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'Mini' Kernel Preview Five (aka MIKE p5)

MIKE p5 is the fifth public preview release of a Linux kernel for the Nintendo Wii video game console that can run under 'mini', the alternative firmware from Team Twiizers.


This kernel release is targeted at people interested in Linux on the Nintendo Wii which have already installed Bootmii on their video game consoles.

What's new in MIKE p5

Linux kernel 2.6.32

MIKE p5 is based on the recently released Linux kernel v2.6.32.

Experimental support for the Wii DVD unit

This new version adds support for the internal DVD drive unit found in the Nintendo Wii video game console.

The driver uses the native commands of the DVD drive unit to read DVD discs and has been tested only on a non-chipped Wii.

Updated support for the Nintendo Wii WLAN daughter card

The Nintendo Wii WLAN card is now officially supported in the mainline kernel.


You can find links to some pre-built binary images compatible with whiite-linux based distros (i.e. you can use one of these kernel images instead of the one that came originally with your whiite-linux system). Please, read the whiite-linux article to learn how to setup a barebones whiite-linux system, and the rest of this document to learn how to properly use the kernel images.

Environment Video mode Kernel image
mini 480i PAL (60Hz)
mini 576i PAL (50Hz)
mini 480p PAL (60Hz)
mini 480i NTSC (60Hz)
mini 480p NTSC (60Hz)
IOS auto mikep5-zImage-2.6.32.ios.elf

The kernel patches are available for download via Sourceforge File Release System (FRS).


Supported Hardware

The following hardware/peripherals are supported by the MIKE p5 kernel:

 "Classic" hardware
 - Non-accelerated 2D video hardware (VI)
   - Note: correct RGB framebuffer support requires our SDL library port
 - Audio hardware (AI,DSP)
 - EXI hardware (EXI)
   - (not compiled-in) Nintendo SD Card Adapter (DOL-019) or compatibles
   - (not compiled-in) Non-SDHC MMC/SD cards in SPI mode via a Nintendo DOL-019 or compatible
   - Real Time Clock / SRAM
 - Serial Interface hardware (SI)
   - Nintendo GameCube controllers
   - Nintendo GameCube WaveBird wireless controllers
 "Native" hardware
 - MEM2 memory as normal RAM
 - SDHC and Non-SDHC SD cards in SD mode via the front SD card slot
 - Internal USB Bluetooth dongle
 - Nintendo Wii Remote (RVL-003) and related expansion accessories
 - Sensor bar
 - USB 1.x and 2.0 devices
 - Internal wireless network card
 - DVD drive unit

Unsupported Hardware

The following hardware/peripherals are NOT yet supported:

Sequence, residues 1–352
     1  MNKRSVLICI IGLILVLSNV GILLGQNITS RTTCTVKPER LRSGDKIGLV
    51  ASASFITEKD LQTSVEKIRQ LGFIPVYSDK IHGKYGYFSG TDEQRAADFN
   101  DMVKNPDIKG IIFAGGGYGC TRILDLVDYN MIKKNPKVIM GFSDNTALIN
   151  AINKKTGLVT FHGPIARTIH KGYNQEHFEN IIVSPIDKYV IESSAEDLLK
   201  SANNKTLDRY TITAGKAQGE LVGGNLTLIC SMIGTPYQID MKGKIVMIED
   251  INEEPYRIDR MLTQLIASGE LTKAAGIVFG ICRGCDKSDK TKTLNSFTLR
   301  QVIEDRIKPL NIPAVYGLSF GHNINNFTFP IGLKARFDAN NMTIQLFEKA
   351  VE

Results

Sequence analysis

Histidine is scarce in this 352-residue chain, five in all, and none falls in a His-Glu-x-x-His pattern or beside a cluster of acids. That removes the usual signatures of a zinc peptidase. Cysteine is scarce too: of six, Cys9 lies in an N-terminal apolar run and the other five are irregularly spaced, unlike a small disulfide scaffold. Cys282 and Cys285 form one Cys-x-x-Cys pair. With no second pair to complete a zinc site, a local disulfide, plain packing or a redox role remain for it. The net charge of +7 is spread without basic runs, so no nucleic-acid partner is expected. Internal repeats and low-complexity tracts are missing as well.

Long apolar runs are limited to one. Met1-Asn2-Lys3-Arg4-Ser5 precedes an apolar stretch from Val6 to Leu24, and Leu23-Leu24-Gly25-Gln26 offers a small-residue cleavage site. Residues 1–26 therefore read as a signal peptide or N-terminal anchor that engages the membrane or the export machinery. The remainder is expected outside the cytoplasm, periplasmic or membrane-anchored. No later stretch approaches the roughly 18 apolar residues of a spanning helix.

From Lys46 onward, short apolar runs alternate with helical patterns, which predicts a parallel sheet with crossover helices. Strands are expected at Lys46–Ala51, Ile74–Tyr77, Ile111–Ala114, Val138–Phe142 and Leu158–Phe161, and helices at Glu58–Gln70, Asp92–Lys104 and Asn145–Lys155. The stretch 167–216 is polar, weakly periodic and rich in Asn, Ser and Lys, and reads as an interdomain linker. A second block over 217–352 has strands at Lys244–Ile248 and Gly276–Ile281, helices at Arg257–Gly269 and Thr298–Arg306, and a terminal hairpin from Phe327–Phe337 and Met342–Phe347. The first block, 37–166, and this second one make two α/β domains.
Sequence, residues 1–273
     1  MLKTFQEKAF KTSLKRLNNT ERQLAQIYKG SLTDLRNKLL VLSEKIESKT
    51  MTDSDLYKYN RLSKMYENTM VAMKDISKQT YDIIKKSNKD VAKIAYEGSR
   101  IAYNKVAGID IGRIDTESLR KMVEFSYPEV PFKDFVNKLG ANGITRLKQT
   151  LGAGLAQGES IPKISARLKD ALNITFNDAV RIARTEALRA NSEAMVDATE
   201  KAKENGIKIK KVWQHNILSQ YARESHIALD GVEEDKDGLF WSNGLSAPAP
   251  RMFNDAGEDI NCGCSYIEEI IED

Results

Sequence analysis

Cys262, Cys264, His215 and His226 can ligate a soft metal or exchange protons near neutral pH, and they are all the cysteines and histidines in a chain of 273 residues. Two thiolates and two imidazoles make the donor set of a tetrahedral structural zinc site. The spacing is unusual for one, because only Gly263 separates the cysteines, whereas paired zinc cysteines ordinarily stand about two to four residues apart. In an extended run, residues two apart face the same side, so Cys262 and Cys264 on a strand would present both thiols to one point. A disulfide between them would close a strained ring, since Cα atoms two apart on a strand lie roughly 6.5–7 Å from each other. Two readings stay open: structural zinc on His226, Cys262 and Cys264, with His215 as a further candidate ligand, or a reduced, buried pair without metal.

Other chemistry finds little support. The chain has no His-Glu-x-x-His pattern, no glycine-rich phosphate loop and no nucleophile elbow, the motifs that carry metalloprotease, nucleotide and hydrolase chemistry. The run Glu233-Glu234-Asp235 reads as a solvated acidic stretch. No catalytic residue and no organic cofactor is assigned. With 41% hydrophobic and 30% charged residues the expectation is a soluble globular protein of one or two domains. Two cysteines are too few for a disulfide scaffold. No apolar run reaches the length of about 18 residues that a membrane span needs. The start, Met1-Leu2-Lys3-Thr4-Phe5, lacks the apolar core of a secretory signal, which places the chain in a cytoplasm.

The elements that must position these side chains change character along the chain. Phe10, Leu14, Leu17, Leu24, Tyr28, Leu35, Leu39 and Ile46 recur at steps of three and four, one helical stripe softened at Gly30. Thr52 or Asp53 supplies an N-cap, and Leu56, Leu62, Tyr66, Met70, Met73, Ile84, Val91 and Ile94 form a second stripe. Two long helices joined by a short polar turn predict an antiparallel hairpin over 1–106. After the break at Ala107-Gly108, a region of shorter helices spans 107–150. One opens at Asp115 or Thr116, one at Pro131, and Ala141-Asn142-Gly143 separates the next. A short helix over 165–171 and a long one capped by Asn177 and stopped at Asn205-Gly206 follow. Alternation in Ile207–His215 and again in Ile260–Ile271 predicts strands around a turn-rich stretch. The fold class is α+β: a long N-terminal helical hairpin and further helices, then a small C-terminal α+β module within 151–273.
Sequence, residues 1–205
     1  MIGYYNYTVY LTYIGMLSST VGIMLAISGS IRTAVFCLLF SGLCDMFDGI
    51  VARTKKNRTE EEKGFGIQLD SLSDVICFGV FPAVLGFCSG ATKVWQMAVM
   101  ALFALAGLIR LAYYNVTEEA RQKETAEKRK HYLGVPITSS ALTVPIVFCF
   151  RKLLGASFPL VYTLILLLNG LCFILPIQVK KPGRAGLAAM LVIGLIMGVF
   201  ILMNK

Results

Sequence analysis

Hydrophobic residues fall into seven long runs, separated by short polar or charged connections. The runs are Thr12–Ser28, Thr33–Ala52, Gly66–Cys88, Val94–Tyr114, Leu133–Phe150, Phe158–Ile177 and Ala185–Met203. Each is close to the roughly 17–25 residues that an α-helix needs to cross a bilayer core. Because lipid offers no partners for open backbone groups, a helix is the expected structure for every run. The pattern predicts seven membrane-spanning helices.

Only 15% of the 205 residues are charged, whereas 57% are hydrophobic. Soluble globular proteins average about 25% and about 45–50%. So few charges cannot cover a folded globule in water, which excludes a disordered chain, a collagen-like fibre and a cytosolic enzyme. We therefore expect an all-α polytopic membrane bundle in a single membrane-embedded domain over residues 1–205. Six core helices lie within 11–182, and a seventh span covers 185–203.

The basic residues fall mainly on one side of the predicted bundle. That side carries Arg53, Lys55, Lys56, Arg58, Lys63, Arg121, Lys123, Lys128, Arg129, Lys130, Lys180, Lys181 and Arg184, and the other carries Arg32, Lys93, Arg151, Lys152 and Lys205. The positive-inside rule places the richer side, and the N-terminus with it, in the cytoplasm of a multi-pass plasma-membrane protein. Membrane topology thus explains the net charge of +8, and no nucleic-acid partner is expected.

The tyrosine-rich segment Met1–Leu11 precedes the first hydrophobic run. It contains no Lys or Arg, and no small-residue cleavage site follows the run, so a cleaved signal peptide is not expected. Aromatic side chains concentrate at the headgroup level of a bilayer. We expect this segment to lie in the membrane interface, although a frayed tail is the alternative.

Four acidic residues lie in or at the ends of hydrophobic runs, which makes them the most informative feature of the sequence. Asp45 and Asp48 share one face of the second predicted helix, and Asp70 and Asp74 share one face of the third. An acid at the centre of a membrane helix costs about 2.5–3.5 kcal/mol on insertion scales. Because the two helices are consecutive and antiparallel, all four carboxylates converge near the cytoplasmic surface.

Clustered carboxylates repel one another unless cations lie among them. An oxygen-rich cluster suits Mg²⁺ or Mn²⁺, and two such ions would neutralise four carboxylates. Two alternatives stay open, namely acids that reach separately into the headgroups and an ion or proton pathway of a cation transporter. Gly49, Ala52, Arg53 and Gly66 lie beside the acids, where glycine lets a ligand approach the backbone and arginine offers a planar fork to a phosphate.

"Classic" hardware
 - Nintendo GameCube memory cards


mini must have IPC_SDHC_EXIT support

MIKE won't work properly unless a version of 'mini' with IPC_SDHC_EXIT support is used. Neither the version of mini included in Bootmii beta1 nor the one bundled with Bootmii beta2 support the IPC_SDHC_EXIT call.

You can use Bootmii public Beta 3 or later, or alternatively you can download a ready-to-use armboot.bin with IPC_SDHC_EXIT support.

You can also build your own binary from sources using latest git from:


Make sure that you have copied armboot.bin (either mikep1-armboot.bin or armboot.bin from Beta 3 or higher) to /bootmii/armboot.bin within your SD card before attempting to use any of the mini-based MIKE kernel images.

Note that you don't need to upgrade armboot.bin if you already installed the one that came with MIKE p1.

Extra features of MIKE p5 when running under mini (vs IOS)

  • EHCI (USB 2.0) is supported
  • Increased I/O bandwidth for SDHC, USB 1.x and USB 2.0
  • Additional 11 MB of RAM are available
  • Internal WLAN is supported
  • DVD unit is supported

Notes when running MIKE p5 under mini

Root device name changes

The same MIKE p5 binary can run under mini and under IOS. However, if you plan to run MIKE p5 under IOS you need to make sure that the kernel command line is modified to reflect the proper root device, as the name is different in each case:

Environment Root Device
mini /dev/mmcblk0p2
IOS /dev/rvlsda2

Video mode may need to be specified on the kernel command line

When mini boots the kernel (as ppcboot.elf) the video hardware isn't initialized, and thus, the kernel cannot guess the right video mode.

See the Graphics and Sound article on how to specify a video mode using the kernel command line, or use a pre-built kernel image that matches your video mode settings.

Hint: You can hexedit the kernel image and replace the existing kernel command line with your own. Look for the string "placeholder_for_additional_kernel_options_targetted_at_hexedit_lovers" within the kernel image.

OHCI (USB 1.x) may have issues

The OHCI controllers found on the Nintendo Wii video game consoles seem to have hardware bugs. The current OHCI driver adds two quirks to workaround the observed incorrect behaviours until now.

Issues will be addressed as they are detected.

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